School’s Out
Dir: Sebastian Marnier
France
Had to have a ‘creepy’ pick in my list and nothing is more creepy that children. A group students seem to harbour some dark secrets after a teacher leaps to his death. The picture in the catalogue was creepy and chilling, just a group of teens staring out with blank faces while a teacher looks scared. Super, I’m in!

@BFI

@VultureHoundMag

Wednesday, 26 September 2018

Literally, A Room Of One's Own


A while back (three years ago) I pitched an idea to a website I had written a couple of posts for. Unfortunately they weren’t interested, so I thought, oh well, I’ll post it on my blog. Years later, it finally happened. My idea was that all writers have a place they like to work it, be at home, a cafe, a bar, a forest, beach, castle, rollercoaster etc. But even though their locations change, there is always a desk or desk space involved. I got the idea from Vanity Fair who interview a creative about their desk. They are always uniquely theirs, sometimes littered with papers, figurines lined up on the computer, photos and memorabilia hanging on the wall, all have their own way of working which I think is fascinating.


Remember how, when you’re a kid and you’re excited to see your friends’ room? It could naturally be a child’s curiosity but I think, now that I’m older, that being able to see someone else’s room, was a way to get to know someone better. A bedroom, at any age, even if you share, is place where you can be yourself. How you decorate and what you display is a part of who you are. Usually it is the only place you can freely decorate as you want. It is a literal expression of your personality. But that might be going too deep. For anyone who moved away from or stayed in halls at Uni, you either try to make that space your own or you distance yourself from, just using it for the time being. I like to surround myself with familiarity if I’m going to be somewhere for a considerable amount of time. But in the sanctity of my room, my desk transforms into my gateway to ideas, not just the internet which is the ultimate portal, but sitting at my desk I can or at least try to create something new. Whether it is writing about film or writing a story. A desk, a room, is something personal. A space you might share but there will always be something that is just yours and if you don’t have that, you need to.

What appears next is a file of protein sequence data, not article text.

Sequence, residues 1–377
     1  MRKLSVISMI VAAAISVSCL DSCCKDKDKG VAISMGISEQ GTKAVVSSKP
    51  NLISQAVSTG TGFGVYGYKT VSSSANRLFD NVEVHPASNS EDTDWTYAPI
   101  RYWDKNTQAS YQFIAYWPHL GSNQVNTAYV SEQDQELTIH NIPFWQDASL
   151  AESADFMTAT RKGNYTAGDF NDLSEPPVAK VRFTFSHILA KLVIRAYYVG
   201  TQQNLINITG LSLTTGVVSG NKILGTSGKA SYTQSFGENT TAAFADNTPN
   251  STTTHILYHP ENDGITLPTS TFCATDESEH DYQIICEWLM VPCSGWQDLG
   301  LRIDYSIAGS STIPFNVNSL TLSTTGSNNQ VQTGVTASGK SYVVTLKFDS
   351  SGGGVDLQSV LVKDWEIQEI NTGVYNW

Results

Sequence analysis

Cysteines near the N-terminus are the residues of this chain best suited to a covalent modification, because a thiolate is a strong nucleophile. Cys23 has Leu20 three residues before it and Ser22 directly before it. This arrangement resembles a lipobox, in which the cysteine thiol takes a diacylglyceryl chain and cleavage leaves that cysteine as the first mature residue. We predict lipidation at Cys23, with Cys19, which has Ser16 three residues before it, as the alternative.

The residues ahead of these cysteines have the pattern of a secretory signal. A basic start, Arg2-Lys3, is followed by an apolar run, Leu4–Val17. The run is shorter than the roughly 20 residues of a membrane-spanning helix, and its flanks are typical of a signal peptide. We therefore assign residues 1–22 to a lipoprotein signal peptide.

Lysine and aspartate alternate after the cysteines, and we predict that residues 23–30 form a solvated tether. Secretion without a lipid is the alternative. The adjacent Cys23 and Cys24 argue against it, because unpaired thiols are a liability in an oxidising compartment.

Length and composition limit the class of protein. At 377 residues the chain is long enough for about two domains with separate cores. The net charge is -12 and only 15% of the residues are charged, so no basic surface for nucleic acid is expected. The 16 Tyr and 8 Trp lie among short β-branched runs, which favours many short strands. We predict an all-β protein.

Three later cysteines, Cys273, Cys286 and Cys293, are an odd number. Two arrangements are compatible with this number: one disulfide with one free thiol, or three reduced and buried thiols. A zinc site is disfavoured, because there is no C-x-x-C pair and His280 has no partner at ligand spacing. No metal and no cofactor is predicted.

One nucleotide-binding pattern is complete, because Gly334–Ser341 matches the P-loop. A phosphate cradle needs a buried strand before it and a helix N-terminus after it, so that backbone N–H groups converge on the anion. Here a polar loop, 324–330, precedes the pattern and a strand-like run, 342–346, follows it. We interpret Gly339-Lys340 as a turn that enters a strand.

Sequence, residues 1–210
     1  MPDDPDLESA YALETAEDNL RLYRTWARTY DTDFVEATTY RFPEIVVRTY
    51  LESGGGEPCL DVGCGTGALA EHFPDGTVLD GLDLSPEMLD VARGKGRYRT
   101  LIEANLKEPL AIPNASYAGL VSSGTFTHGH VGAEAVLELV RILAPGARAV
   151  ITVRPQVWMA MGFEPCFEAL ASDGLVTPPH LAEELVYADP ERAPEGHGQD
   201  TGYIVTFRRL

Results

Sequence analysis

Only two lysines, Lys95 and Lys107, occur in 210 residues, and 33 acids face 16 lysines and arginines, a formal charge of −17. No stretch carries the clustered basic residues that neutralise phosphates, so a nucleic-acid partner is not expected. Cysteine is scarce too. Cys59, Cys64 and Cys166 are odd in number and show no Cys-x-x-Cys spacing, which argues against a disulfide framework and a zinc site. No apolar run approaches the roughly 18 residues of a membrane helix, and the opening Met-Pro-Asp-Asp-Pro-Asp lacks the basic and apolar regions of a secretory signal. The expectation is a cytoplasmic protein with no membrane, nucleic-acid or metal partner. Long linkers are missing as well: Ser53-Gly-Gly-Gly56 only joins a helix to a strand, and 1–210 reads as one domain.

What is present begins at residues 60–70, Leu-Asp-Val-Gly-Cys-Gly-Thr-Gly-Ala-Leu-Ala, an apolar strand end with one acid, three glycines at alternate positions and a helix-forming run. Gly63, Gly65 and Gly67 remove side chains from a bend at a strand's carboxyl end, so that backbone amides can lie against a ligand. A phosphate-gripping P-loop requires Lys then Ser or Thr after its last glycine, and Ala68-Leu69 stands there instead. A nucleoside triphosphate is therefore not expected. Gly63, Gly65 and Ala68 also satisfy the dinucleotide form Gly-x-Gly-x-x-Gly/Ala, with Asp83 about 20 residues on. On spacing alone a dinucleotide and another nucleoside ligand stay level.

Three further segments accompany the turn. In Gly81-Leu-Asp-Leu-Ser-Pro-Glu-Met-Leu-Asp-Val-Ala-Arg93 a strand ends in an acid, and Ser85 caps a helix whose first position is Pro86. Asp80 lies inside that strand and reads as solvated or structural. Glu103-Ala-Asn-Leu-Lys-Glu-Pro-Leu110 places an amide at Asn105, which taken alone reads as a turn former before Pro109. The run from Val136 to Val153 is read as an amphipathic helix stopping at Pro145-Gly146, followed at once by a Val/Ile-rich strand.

Here’s a peek into where I work....



Monday, 24 September 2018

The Dude Abides: 20th Anniversary of The Big Lebowski



Its been 20 years since we first saw that tumbleweed rambling across the big screen and Sam Elliot’s smooth cowboy wisdom like voice introduce one of the most iconic characters in modern cinema. I’m talking about The Dude. 

Back in 1998, after their award winning ‘Fargo’ had captured an audience two years previous, Joel and Ethan Coen did something completely different. I know you can say that after every film they do, but this was different. The film was not critically successful and left audiences confused. A story about the laziest man in Los Angeles who becomes mixed up with a kidnapping, blackmail, extortion, pornographers, bowling league games, feminist artists and Nihilists would have at least earned some attention. But, the Dude abides. The film is not a cult classic (and rightly so) spawning theory books, screenings, an annual festival celebrating everything ‘Dude’ and even spawned a religion, Dudeism, which I am a priest of. The Dude has stood the test of time and I’d say it was down to Jeff Bridges immortal portrayal and the Coen’s pure genius for creating the story and the characters.